View the io9 writing prompt here.
“You two don’t look like cops,” the Junkie with the star tattoo said. She eyed Halyn’s sheer top and cutoffs. She raised her eyebrows at my tube top and loin cloth, and the tattoos snaking up my arms. “You don’t have cop hair.”
“That’s ’cause we’re detectives,” Halyn said, but her attention was elsewhere. The turquoise holoscreen of the police blotter glowed in the dim light of the alley. The matching retina interface glittered as she selected more information.
“Is all of this junk yours?” I asked. I knelt down and picked up an ancient specimen, a pair of lime green and flamingo pink headphones.
“Bought and paid for,” said star face, her voice turned defensive. “You interested in Collecting?” Metal clinked, and what I had taken for more junk moved as her arm extended. The metal plates and well oiled joints composed fingers and a wrist, an elbow. The shield on her forearm probably came in handy.
The pace of my heart quickened. “Who is your mechanic?” I asked, forcing nochalance into my voice.
“Old Barton. He works full time as an articulator engineer,” she said. “Helps me because I help him. There’s lots of folks got the itch for Collecting, you know.”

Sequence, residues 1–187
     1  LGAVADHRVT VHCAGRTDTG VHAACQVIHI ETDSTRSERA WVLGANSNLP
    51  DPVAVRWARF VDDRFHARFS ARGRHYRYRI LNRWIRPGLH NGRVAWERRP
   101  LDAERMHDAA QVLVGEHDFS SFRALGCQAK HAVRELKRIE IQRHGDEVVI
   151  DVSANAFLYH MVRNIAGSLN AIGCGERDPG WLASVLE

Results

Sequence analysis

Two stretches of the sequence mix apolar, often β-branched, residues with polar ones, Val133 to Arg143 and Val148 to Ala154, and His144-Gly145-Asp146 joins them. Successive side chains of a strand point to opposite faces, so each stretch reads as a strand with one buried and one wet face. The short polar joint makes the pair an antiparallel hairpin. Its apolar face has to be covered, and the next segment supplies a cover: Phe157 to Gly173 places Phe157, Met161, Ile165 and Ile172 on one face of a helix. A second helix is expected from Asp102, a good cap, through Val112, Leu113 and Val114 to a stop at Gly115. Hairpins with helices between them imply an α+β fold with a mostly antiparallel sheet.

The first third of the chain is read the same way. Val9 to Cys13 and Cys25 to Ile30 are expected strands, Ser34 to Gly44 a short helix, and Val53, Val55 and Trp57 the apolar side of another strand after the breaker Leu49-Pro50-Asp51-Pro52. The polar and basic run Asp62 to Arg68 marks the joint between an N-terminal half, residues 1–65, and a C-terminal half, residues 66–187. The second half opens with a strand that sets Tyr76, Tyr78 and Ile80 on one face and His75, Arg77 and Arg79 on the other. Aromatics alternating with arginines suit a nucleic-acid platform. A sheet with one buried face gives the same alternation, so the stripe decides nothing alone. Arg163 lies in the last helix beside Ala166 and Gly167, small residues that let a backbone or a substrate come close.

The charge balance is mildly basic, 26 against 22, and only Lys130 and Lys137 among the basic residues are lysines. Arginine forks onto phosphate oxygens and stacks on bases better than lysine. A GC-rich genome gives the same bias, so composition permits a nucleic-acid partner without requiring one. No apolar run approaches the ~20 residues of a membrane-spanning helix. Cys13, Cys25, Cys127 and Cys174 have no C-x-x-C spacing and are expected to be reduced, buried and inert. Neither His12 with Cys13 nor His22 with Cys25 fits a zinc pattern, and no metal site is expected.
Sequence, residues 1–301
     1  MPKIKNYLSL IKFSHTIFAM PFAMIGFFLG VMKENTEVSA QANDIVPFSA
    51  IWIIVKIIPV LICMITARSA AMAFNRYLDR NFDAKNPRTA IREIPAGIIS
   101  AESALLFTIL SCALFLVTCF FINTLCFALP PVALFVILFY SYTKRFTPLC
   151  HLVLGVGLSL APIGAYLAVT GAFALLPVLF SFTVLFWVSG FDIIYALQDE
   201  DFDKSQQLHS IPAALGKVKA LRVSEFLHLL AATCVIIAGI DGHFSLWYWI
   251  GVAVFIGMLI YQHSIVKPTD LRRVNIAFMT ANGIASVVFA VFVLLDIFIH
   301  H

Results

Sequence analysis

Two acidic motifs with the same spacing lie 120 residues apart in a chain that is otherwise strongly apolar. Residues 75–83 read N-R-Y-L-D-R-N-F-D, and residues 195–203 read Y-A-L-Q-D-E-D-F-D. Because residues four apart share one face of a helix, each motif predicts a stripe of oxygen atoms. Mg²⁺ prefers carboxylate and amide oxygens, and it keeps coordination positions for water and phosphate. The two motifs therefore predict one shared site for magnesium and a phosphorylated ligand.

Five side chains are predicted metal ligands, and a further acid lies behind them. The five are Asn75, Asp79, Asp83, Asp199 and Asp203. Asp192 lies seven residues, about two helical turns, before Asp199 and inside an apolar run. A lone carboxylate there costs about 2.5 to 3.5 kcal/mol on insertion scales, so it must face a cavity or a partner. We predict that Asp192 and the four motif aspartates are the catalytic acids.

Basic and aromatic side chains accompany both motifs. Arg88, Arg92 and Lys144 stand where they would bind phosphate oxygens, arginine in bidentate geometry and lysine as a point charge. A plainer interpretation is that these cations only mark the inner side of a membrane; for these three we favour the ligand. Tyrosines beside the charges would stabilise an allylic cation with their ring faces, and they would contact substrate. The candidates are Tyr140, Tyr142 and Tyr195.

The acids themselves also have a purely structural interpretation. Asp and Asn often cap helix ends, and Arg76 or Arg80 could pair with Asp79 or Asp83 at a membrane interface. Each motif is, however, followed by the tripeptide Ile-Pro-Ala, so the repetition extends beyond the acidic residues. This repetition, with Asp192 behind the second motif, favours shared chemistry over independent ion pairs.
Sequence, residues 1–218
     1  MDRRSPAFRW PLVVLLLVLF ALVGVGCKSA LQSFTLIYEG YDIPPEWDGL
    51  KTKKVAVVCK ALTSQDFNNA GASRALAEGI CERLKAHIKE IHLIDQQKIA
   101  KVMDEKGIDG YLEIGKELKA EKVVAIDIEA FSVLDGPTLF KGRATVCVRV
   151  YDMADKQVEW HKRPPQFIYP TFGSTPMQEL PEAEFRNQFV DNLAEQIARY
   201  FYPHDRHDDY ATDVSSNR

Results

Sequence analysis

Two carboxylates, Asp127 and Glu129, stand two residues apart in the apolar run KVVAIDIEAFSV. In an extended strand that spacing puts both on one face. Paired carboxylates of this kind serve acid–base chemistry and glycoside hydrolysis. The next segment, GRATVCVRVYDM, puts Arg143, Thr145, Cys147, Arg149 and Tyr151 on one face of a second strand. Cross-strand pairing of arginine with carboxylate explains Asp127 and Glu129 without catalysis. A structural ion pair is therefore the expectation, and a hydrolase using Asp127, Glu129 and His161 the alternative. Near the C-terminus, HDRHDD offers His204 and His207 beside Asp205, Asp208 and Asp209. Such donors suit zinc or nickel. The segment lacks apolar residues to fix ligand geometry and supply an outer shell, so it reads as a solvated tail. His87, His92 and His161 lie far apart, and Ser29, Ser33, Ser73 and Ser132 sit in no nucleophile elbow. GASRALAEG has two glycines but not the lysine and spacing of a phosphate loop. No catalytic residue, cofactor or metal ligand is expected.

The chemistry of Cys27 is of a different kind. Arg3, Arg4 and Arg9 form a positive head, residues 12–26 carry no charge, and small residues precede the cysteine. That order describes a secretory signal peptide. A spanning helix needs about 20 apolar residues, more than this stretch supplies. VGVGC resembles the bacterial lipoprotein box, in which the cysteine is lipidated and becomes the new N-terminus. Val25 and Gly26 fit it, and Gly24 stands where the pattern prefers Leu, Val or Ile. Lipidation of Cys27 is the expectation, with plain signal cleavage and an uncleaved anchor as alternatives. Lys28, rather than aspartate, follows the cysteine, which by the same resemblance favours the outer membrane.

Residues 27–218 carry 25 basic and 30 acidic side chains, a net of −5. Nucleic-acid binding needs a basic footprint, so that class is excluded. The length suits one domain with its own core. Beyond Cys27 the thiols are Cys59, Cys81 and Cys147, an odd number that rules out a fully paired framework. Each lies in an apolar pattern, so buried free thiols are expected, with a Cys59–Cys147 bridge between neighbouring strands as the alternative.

I sighed, not bothering to hide my disappointment. “You know he was murdered, right?”
“Yeah.” The Junkie smiled sadly and pressed a button on the box the headphones were attached to. The beat of music pulsed in my hand and I placed them over my ears.
It was one of those songs that was so old, people didn’t remember who wrote it or sang it originally anymore. But you could still pass people on the street humming it. Like Happy Birthday or Yellow Submarine.
The tune made me think of warm sunny days. Carefree love. It transported me away from the refuse filled alley and the deaths that were slowly creeping up on this city like a plague of locusts.
The words and music came through the headphones accompanied by a misty crackle of static and age, and I could barely make out the actual words. It was as if they were crossing a gap of time just to play in my ears. I had to focus to hear them.
“Felicia!” Halyn shook my shoulder. I removed the headphones and looked up at her. “There’s been another one,” she said. She tilted the holoscreen of the police blotter.
“Where?” I said with a sigh, putting the headphones down.
“Just north of the Carnival. Let’s head out; we can’t get anymore information here.”
“You go ahead,” I said.
Halyn stared at me hard for a moment. “Just remember you have to share the flat with me,” she said. “Any junk gets in my way, I’ll toss it.”
I nodded distractedly, and turned back to the Junkie. I didn’t even notice Halyn leave. The Junkie smiled.
“How much?” I asked, touching a finger to the neon headphones.